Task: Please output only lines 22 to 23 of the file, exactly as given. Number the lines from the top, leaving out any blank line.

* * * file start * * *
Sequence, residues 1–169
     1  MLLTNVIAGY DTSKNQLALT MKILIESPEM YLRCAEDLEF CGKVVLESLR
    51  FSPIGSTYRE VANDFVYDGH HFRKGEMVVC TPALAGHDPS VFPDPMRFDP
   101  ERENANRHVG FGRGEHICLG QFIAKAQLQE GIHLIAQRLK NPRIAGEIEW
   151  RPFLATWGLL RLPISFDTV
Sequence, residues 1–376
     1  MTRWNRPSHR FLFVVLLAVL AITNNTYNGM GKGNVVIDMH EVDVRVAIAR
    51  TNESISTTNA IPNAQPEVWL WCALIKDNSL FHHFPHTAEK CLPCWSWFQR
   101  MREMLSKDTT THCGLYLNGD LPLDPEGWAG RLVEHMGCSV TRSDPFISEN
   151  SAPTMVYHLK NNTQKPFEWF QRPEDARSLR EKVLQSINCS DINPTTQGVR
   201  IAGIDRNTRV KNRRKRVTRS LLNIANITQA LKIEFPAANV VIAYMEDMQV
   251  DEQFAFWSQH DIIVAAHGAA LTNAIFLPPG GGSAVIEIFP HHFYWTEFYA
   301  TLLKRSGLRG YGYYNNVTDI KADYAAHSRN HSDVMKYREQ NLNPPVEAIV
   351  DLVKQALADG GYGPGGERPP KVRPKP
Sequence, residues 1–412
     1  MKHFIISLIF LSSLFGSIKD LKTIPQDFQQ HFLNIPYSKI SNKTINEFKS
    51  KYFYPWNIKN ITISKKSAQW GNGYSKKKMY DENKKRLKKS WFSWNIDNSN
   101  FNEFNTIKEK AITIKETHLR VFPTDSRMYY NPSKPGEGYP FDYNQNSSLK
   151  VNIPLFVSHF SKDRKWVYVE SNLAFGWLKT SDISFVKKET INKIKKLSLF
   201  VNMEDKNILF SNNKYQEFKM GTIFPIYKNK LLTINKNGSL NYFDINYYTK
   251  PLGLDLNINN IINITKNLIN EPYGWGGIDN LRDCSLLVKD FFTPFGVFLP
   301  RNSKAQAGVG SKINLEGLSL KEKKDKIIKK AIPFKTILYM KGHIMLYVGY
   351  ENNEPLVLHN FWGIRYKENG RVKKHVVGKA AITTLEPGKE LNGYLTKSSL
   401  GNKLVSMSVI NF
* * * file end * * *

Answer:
   301  RNSKAQAGVG SKINLEGLSL KEKKDKIIKK AIPFKTILYM KGHIMLYVGY
   351  ENNEPLVLHN FWGIRYKENG RVKKHVVGKA AITTLEPGKE LNGYLTKSSL